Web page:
The Cost of Owning a Drone May Be Higher Than You Think
A recent $200.00 price drop of the DJI Phantom 3 Advanced and Standard models means that investing in a drone is now more economically attractive than ever. However, as a recent drone recipient, let me provide a word of warning – the costs associated with drone ownership may balloon very quickly.
For example, you'll likely want a few accessories to go along with your drone. An extra battery, a case, extra props and/or prop guards are all high on the list of must-haves for many new drone owners. So let's look at our total after adding a few accessories at their current cost (subject to change) for the DJI Phantom 3 Advanced/4K as well as the cost of registering the drone:
Of course, the above totals are only a guide. A different case or a change in the price of the various accessories (a common occurrence, especially with the battery) will cause the total to shift one way or another. And while a new drone owner may not feel that filters are a necessity upon first purchasing the UAS (Unmanned Aircraft System), the filters may become an eventual purchase if not an initial one. Overall, I think the above list is a decent, average representation of desired accessories.
As you can see, our $799.00 drone investment has grown by more than 50%. But we're not done yet, not even by a long shot.
Being a responsible citizen, you're going to want to purchase insurance – liability, at the very least – for your drone. And that's where the dollar signs really start to add up. Unfortunately, insurance companies want nothing to do with drones. They're simply too risky. So when you find a company that will give you liability insurance covering your drone, it's going to cost you. Note that most photography gear/liability insurance plans will not cover drones without a huge modification to your premiums and deductibles.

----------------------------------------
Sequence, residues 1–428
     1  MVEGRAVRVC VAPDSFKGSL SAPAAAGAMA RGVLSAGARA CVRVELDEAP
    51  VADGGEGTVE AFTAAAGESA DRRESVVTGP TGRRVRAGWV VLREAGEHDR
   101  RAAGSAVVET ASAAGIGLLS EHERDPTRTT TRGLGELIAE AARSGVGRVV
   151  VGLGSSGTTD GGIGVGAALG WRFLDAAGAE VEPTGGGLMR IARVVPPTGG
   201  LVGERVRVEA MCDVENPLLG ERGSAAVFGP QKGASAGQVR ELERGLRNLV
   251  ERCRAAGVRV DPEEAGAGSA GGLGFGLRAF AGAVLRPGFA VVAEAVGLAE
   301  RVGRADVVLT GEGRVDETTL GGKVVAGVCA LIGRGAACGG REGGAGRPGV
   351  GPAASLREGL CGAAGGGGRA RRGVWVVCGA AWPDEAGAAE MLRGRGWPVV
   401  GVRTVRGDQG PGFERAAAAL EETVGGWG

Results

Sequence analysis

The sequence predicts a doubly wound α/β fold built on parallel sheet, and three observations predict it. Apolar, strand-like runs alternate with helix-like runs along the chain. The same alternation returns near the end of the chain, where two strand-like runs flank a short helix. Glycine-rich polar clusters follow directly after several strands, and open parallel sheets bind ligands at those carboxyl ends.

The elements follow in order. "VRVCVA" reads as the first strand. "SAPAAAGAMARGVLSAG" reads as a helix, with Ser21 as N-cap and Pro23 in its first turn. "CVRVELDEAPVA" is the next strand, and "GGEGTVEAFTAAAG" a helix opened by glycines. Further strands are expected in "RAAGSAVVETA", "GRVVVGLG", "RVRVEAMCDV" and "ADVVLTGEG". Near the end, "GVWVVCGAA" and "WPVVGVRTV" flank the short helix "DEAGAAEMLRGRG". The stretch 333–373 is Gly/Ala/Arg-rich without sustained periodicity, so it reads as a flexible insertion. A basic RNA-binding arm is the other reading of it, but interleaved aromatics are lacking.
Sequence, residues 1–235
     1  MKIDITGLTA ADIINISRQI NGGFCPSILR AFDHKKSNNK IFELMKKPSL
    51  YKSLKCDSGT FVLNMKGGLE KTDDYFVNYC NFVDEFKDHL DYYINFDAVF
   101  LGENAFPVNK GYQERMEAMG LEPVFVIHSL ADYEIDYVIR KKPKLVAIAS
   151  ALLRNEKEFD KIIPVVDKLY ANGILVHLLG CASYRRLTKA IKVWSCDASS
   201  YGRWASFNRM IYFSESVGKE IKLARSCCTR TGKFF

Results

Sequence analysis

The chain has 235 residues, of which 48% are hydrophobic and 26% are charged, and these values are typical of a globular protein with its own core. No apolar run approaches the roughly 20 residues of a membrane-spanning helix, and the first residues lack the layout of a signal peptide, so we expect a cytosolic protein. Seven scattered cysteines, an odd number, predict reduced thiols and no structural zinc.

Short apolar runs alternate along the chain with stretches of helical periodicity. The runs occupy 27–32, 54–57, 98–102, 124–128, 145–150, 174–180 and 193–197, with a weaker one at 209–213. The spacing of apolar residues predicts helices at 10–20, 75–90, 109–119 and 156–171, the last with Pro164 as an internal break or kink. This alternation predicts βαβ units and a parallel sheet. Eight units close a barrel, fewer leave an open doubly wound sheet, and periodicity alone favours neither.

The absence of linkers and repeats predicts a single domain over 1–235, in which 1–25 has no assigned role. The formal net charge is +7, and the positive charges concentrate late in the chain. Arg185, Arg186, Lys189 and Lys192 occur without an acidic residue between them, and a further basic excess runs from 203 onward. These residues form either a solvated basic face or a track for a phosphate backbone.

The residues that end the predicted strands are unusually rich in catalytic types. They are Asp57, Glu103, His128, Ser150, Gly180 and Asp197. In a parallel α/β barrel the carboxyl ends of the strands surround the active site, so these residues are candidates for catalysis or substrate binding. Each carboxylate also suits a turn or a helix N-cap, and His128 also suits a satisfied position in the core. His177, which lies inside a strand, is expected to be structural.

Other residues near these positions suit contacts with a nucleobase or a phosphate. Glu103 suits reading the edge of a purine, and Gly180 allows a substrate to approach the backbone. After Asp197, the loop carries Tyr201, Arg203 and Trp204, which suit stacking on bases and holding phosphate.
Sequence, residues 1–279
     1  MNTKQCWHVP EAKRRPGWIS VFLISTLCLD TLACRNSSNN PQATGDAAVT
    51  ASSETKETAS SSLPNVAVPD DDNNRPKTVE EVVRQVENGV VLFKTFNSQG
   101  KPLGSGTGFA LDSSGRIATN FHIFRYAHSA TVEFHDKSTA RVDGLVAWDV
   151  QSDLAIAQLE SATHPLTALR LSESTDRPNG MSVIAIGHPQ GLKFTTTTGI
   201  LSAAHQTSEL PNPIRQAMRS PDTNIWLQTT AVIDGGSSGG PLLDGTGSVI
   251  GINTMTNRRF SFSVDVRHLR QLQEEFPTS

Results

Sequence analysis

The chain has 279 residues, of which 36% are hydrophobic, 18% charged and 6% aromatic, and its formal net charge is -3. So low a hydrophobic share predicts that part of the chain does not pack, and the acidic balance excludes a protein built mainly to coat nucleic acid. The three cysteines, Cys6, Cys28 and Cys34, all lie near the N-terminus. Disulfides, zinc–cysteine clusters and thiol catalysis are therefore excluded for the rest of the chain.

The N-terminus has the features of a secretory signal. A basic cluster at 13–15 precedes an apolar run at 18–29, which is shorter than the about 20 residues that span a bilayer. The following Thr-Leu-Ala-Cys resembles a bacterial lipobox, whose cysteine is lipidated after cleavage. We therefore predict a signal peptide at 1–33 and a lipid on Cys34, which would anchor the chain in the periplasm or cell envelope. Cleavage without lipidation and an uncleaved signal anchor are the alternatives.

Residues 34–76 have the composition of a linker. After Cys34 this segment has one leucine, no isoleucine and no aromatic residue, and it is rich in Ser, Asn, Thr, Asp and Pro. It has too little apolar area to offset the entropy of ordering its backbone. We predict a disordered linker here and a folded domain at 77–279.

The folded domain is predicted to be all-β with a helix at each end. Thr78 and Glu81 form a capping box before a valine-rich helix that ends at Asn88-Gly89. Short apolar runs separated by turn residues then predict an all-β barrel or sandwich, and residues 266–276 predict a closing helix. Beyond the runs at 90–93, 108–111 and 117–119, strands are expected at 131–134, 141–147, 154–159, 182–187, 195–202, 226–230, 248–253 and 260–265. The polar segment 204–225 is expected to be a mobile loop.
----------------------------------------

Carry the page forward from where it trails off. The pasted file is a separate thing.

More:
So how much are we talking about? In my case, even with fairly low-risk usage, the lowest insurance premium I could find – with a $500,000 liability policy (the lowest coverage available) which does not cover gear replacement – was $695.00 per year. And at that price, the company would not allow me to pay monthly, but instead insisted that the total be paid up-front.
If that insurance premium total surprises you, you're not alone. I was aghast when my insurance agent told me how much the insurance would be. But keep in mind, that's also a rough number for relatively low-risk commercial use. You may be able to find something less expensive, but your intended usage may cause that figure to go up considerably. And if you want gear coverage too, that premium may seem small by comparison. If you're absolutely sure that your use will be limited to non-commercial purposes, a home owner's insurance policy may cover drone usage at little to no extra cost, which can certainly save you a bundle.
So lets look at our investment again, assuming any commercial use:
Now our $799.00 drone investment has grown by more than $1,100.00, for a grand total that is significantly more than double the cost of the drone itself. And if you don't currently own video editing software, you can add that to the list too. And if you're recording 4K footage with your drone, you may even need to upgrade various computer components to ease the burden of 4K video editing. As you can see, the costs associated with owning a drone can quickly snowball.
Should you still buy a drone? If you have the money to cover the costs, and you're interested in aerial filming/photography, then absolutely. I had so much fun flying the DJI Phantom 3 Advanced this past weekend that the cost seems well worth the investment at this point.
But just be warned, your bank account won't likely be flying as high as your new drone.